Jen Rulon

Side Note from Coach Jen: This blog is for you as much as it is for me. As an entrepreneur of almost ten years, I would have so many moments of not wanting to work, so I would pick up the phone to look at IG, IG Stories, TikTok, and the list goes on and on. I know how distracting this can be. So hopefully, these tips will help. Grab my social media calendar here to help you figure out your social media for your business and not get distracted from notifications! 

Always Checking Notifications? Read Below at the Five Steps to Break the Habit!

Have you been feeling the need to conduct some digital decluttering and wonder how you can remain more focused on what is truly important instead of feeling distracted by too much nonsense? Many business people and entrepreneurs need to break the habit of checking their notifications and phone throughout the day simply because they are missing out on life as it happens. However, if you carefully apply these tips, you will find yourself more relaxed and interested in real life simply because you’re taking a break from the electronic rat race.

1. Stick to a schedule.

Make a schedule to wean yourself from the habit of checking your notifications and phone so much. You can start with fifteen- or thirty-minute increments for checking your email and social media. Once you become better at not getting sucked into time-wasting activities, increase that increment to every 45-minutes, then move up to every hour.

In addition, also set a 5-minutes timer to check and respond to the most important things. If your inbox is full, allot an extra ten- to fifteen minutes to respond to anything that requires your input. Also, it is good to inform friends, family, and colleagues that you will not be answering their calls and messages as quickly as you did previously so that they do not worry or become anxious.

2. Be sure to shut off push notifications whenever possible.

You are not obligated to be bombarded with interruptions from your social media platforms or messages that your favorite online podcast has just uploaded a new topic. You can significantly reduce such distractions by shutting off as many push notifications as possible. Go even further by shutting off your email and calendar notifications. If you’re on a schedule for checking email, then messages are unnecessary.

3. Remove distracting apps.

Much of your phone usage comes from unconscious habits. People shift from Instagram to Facebook without much thinking, then check the weather and texts before playing their favorite game or checking their news headlines. However, if you use only specific necessary apps, this will reduce the amount of time wasted on your phone. Try deleting the apps for social media sites and only use the web browser of your phone or laptop to engage. You’ll reduce time on your phone as apps make it too easy to waste time, even after engaging with your followers.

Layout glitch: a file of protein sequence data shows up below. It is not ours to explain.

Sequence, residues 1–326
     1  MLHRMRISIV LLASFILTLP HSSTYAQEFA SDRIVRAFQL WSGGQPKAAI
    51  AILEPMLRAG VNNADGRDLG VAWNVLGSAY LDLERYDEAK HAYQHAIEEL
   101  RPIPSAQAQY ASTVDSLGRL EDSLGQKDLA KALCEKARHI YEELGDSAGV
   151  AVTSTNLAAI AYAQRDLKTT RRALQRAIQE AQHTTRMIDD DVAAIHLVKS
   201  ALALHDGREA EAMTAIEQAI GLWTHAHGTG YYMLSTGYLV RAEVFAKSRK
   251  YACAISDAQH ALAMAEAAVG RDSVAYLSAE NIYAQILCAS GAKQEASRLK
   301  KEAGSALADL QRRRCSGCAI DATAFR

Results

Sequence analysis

4. Keep your device away from your bed.

Your phone does not have to be the last thing you see before going to sleep at night and the first thing you see in the morning. To avoid looking at your phone too much, try using an old-school alarm clock instead of a phone.

5. Use a smart speaker.

A smart speaker is valuable because it helps you live a life away from your phone screen. For example, when you have a smart speaker attached to your network via Bluetooth technology, this will prevent you from having to use your phone to turn on podcasts or music; instead, say your choices to the smart speaker and go about your day, listening and learning instead of being sucked into your phone.

The longer your phone is out of your hands, the more productive you’ll become, and these tips are just the beginning of your lessened dependence on technology. You may even discover that your days feel longer because you’re no longer distracted by your phone or notifications.

Grab the Social Media Calendar HERE! 

AUTHOR: Jen Rulon

I am Jen Rulon, a Coach, Kona Finisher and a Public Speaker. I’ve been coaching triathletes for 18+ years and I received my Masters in Kinesiology with an emphasis in Exercise Science. I train triathletes to reach their potential and coach triathlon coaches to successfully grow their businesses using my own proven methods. My knowledge has been featured in Triathlete Magazine, Runners World, on the TEDx Stage, the Health and Wellness Expo in San Antonio, TX, Men’s Journal Online, and the New York Times. I also practice what I preach — I’m a 15x Ironman Triathlete who participated in the World Championship in Kona, Hawaii on October 14, 2017.



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